Delhi Government on 4 December 2015 announced vehicle rationing scheme to curb air pollution in the city. A decision in this regard was taken at a high-level meeting chaired by Chief Minister Arvind Kejriwal.
The primary objective of the initiative is to halve the vehicular population in the city and thereby to bring pollution levels under control.
In the first phase of the scheme, vehicles with odd and even number plates would be allowed to run on alternate days between 1 January and 15 January 2016 in the capital city.
While the odd-numbered vehicles will ply on odd dates, the even-numbered vehicles would ply on even dates.
The rule will be enforced between 8am and 8pm only and there will be no restrictions on Sundays.
However, emergency vehicles such as ambulances were excluded from this restriction.
And, final modalities regarding implementation of the scheme will be declared in the last week of December 2015.
Other related decisions of Delhi Government
• Delhi Transport Corporation (DTC) fleet will be augmented to increase the frequency. And, in addition, school buses that operate for a limited period of the day will be hired for public transportation purposes.
• Cut-off date for implementing Euro-VI emission norms for Delhi was advanced to 1 January 2017 instead of the 1 January 2019 deadline at the national level.
• Delhi Metro will be requested to extend its services till the late evening.
• Public Works Department (PWD) will begin vacuum cleaning of the dust from the roads in Delhi from 1 April 2016.
• Swachh Bharat App of Delhi government will be modified to include crowd-source complaints regarding visibly polluting vehicles, burning of bio-mass, garbage, leaves, etc.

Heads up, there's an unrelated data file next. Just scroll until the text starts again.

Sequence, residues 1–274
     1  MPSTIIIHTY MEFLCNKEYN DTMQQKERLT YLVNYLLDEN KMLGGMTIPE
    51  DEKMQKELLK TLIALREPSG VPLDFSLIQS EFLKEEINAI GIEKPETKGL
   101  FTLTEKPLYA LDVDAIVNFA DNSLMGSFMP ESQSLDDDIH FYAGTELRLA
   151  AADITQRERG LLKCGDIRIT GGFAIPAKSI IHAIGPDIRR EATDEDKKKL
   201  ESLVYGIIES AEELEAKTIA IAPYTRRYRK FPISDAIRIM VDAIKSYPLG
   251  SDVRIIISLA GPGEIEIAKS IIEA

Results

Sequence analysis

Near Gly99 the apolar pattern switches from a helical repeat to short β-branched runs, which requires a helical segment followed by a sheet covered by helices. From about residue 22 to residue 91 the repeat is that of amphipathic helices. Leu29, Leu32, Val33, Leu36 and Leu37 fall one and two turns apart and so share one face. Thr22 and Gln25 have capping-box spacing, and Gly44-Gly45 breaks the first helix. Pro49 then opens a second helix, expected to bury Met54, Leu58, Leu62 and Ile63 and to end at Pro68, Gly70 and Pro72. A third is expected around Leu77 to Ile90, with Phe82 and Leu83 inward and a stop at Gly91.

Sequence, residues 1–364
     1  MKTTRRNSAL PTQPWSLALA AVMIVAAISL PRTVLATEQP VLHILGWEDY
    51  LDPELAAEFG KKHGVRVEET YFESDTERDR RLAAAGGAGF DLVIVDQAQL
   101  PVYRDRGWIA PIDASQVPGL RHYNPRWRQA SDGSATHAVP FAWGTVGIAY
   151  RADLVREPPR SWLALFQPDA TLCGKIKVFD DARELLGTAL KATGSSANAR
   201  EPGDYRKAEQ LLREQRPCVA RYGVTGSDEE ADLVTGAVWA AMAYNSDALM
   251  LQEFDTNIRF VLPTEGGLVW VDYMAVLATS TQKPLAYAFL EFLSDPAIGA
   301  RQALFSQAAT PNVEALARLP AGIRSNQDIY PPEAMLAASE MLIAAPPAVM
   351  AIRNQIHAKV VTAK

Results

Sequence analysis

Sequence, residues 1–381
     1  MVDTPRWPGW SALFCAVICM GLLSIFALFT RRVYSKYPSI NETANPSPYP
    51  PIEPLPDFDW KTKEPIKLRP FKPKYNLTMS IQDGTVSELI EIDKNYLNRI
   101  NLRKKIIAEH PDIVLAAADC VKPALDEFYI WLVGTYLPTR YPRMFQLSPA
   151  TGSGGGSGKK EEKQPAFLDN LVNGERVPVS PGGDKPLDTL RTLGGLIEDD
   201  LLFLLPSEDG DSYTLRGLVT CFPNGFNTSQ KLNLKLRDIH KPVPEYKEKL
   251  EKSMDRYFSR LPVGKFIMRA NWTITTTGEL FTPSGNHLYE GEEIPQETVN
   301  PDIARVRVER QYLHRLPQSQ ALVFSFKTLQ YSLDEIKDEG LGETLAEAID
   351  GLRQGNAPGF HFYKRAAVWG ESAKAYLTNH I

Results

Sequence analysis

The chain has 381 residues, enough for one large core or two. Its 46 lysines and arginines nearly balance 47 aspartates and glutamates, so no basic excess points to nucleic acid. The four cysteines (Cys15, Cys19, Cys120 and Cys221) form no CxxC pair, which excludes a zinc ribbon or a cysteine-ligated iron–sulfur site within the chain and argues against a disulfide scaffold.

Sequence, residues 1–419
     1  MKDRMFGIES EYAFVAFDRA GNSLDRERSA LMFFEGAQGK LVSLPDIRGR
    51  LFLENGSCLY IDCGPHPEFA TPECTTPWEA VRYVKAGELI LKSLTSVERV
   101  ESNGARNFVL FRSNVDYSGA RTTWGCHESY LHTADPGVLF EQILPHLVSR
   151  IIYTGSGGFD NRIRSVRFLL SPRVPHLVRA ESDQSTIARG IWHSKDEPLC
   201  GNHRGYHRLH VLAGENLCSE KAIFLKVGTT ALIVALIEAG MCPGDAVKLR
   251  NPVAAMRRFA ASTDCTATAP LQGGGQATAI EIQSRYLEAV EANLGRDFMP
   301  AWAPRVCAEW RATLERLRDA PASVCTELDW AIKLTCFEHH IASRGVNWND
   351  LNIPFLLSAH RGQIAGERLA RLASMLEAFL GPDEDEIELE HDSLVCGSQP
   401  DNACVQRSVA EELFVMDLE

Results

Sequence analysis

• Extensive horticulture work will be undertaken by the PWD to cover open areas with greenery.
• The government asked Badarpur and Rajghat Thermal Power Plants to close down.
• Outside trucks entering Delhi that do not adhere to Delhi's air pollution norms will be penalised.
• Delhi Pollution Control Committee (DPCC) will set up pollution check facilities at 200 places across the city to check for pollution levels.
• Volunteers will be recruited by the government to bring awareness about the initiative and sensitize citizens about threatening pollution levels in city
Why Delhi Government took this decision?
The decision of the government to impose vehicle rationing was prompted by an observation of Delhi High Court on 3 December 2015 which termed that living in Delhi was akin to living in a gas chamber.
A study released by the World Health Organisation (WHO) in 2014 announced that Delhi as the most polluted city in the world and needed corrective measures on a priority basis.
For pollution in Delhi, vehicular traffic is the most prominent and a well reported cause. As per an estimate, there are around 87 lakh vehicles in the city and half of them hit the roads every day.
Against this backdrop, the vehicle rationing initiative can be termed as novel, at least in India, and a much needed measure to protect health of Delhi citizens.
Road space rationing based on license numbers has been implemented in cities such as Athens (1982), Santiago, Chile (1986 and extended 2001), México City (1989), Metro Manila (1995), Sao Paulo (1997), Bogota, Colombia (1998), La Paz, Bolivia (2003), San Jose and Costa Rica (2005).
Countrywide restrictions are in place in Honduras and Quito and Ecuador since 2008 and 2010 respectively.
Beijing also imposed temporary restrictions during 2008 Olympics and in December 2015 as part of smog mitigation measures which showed positive results.
When: 4 December 2015